Great leap forward in Sino-US trade ties
Tuesday 30 August 1994
Marking what he called a 'historic juncture' in Sino-US relations, Mr Brown spent a hectic day shuttling between meetings with Chinese leaders and signing ceremonies for US companies, sealing a raft of new contracts.
Mr Brown is the first US cabinet member to visit China since President Bill Clinton's decision in May to separate renewal of China's low-tariff Most Favoured Nation (MFN) trading status from human rights issues. US officials said the mission would 'lay the basis for a long-term commercial relationship' between the two countries.
In a speech to the American Chamber of Commerce in Peking, the Commerce Secretary said the administration's new policy was 'relentlessly pragmatic. We are bottom-line oriented.' In particular, he said the US government would now match concessionary loan packages and 'tied aid' that have been used successfully by European governments, particularly Germany and France, to win contracts in China. The US and China yesterday also signed a broad trade framework to promote co-operation in key industrial sectors.
This week will see the first results of Washington's 'commercial diplomacy'. The high-level US delegation includes the chief executive officers from 24 leading US corporations who, over the coming days, are expected to sign 'a few billion' dollars worth of deals. Yesterday, Westinghouse clinched a dollars 140m ( pounds 90m) power plant contract, telecommunications company Pitney Bowes signed a dollars 20m deal, and IBM sealed a dollars 20m agreement.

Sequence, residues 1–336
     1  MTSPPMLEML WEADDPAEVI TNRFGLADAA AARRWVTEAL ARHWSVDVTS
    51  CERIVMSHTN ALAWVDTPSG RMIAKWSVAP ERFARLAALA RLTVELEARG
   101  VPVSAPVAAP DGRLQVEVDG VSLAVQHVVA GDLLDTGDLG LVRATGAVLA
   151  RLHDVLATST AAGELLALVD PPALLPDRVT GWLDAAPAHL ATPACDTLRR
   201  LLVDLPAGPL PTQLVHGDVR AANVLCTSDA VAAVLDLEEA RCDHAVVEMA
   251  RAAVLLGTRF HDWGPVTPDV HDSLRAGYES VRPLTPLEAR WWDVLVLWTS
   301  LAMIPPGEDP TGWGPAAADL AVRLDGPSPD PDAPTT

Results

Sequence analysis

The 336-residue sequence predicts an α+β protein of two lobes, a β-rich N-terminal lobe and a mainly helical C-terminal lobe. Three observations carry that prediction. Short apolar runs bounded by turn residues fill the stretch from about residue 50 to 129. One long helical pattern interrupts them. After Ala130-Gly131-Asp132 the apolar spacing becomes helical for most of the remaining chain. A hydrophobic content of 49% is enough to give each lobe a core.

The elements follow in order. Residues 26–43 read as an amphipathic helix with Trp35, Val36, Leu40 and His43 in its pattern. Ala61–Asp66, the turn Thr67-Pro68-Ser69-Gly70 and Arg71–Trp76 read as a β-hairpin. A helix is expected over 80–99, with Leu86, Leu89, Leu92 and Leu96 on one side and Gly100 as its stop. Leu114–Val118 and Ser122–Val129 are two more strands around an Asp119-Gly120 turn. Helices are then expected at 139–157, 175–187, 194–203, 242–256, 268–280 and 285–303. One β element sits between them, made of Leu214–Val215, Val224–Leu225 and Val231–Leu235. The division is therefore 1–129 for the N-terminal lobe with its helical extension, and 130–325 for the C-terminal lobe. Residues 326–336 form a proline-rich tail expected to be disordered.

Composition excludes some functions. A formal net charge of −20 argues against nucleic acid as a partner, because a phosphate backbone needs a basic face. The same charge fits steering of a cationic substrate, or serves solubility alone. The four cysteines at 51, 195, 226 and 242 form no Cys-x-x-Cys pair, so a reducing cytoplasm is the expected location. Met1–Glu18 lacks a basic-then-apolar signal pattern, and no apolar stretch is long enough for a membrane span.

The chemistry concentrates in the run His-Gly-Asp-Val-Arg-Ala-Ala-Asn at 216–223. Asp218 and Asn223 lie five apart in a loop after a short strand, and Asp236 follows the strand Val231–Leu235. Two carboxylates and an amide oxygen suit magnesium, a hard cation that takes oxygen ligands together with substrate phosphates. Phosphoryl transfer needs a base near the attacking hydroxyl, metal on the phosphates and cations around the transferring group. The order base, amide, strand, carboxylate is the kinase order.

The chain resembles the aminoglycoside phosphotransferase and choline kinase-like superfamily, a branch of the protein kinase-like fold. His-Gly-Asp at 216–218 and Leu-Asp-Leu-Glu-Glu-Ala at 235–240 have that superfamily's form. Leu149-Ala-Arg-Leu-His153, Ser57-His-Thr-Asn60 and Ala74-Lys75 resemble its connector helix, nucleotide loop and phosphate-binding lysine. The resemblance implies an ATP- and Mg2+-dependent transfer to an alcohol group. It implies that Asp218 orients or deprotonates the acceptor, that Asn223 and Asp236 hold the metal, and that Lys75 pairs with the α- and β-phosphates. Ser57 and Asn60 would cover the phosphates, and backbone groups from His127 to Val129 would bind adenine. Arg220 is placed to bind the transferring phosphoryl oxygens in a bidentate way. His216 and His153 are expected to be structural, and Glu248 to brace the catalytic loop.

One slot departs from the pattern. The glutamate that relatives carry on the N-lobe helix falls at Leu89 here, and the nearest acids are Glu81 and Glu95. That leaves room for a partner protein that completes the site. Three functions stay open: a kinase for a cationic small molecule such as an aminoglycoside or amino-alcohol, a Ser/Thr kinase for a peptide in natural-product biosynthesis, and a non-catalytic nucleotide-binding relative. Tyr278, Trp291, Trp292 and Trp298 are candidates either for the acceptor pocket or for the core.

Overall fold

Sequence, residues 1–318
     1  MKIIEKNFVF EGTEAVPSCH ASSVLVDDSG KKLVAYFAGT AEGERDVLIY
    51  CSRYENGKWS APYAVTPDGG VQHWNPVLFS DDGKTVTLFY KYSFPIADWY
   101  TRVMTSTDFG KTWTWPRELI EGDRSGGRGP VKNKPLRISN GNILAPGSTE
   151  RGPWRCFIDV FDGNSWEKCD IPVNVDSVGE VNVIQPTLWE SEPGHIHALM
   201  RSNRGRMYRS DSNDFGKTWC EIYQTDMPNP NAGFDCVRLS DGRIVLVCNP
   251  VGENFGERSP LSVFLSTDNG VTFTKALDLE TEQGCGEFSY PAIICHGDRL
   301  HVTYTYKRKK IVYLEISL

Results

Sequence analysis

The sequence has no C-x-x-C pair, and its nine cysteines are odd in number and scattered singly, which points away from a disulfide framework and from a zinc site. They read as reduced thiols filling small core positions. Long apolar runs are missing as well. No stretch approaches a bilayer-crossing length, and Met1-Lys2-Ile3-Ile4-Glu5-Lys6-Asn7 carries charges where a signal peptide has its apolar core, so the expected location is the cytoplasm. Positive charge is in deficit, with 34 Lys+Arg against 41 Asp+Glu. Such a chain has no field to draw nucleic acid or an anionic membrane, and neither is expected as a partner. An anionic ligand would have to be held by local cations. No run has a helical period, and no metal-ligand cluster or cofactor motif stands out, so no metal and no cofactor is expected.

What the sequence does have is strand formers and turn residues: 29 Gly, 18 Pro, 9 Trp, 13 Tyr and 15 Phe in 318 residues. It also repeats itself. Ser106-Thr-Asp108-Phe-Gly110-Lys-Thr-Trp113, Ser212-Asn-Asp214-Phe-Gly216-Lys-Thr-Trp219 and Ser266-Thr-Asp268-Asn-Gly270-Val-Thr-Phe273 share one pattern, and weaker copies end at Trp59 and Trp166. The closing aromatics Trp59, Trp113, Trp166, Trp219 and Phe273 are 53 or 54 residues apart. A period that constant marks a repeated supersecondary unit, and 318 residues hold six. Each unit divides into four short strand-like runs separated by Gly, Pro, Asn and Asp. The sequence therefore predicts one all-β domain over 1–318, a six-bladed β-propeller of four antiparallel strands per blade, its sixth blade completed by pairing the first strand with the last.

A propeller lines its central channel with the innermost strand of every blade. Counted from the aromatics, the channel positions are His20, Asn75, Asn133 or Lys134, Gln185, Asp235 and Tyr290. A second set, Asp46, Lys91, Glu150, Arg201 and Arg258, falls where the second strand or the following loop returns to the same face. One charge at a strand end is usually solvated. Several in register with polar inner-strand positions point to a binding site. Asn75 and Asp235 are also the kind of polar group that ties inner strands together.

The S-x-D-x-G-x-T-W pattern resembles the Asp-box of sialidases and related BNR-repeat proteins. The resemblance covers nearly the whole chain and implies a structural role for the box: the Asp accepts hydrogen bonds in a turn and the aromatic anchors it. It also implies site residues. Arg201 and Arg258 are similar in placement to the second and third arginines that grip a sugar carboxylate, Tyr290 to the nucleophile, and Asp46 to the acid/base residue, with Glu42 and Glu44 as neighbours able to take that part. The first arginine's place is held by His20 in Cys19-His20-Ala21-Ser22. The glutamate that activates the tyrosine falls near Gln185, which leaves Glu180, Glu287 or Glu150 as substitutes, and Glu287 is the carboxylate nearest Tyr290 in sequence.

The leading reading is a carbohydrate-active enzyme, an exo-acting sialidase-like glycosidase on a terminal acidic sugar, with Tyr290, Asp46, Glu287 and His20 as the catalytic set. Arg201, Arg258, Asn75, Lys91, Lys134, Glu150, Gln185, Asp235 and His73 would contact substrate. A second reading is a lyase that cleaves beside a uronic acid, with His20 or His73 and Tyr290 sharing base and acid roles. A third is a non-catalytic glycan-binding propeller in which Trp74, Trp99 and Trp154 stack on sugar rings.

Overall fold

Meanwhile, senior delegation officials were on the defensive last night over whether human rights had now been sidelined as an issue in Sino-US relations. 'Of course, human rights issues arose as well,' said a Commerce Department official. Mr Brown had raised the matter privately at all top-level meetings, but it was 'not appropriate' to mention what was discussed. He added that Mr Brown's mission was concentrating on the 'commercial engagement aspect' of the US human rights policy, which also contained other elements.
On Saturday, the day Mr Brown's party arrived in China, the authorities detained a leading pro-democracy activist, Wang Dan, for a few hours after he had complained of being hounded by the police.
Less than six months ago, in the run-up to President Clinton's MFN decision, the US Secretary of State, Warren Christopher, was shunned by China's leaders during a visit to Peking. Yesterday, with human rights further down the agenda, Mr Brown's reception was extremely cordial. The Chinese Prime Minister, Li Peng, told Mr Brown: 'We have waited a long time for you to come to China. I hope that your current visit will provide impetus for friendship and co-operation of our two countries.'
The Commerce Secretary's Chinese counterpart, Wu Yi, said Mr Brown had received 'the highest courtesy' in China. Today, when he meets President Jiang Zemin, Mr Brown will deliver a private letter from Mr Clinton.
The one area of evident friction yesterday remained differences of opinion over the timing of China's re-entry to the General Agreement on Tariffs and Trade (Gatt). Peking wants to join by the end of the year but the US remains concernd about a range of issues, including intellectual property, tariff and non-tariff barriers, the transparency of China's trading system and discrimination against foreign companies.
British business will be looking with envy at the results of Mr Brown's efforts to kick-start US trade and investment in China. Next month a high-level British trade delegation is due in China but Sino-British relations remain dogged by the dispute over political reform in Hong Kong.
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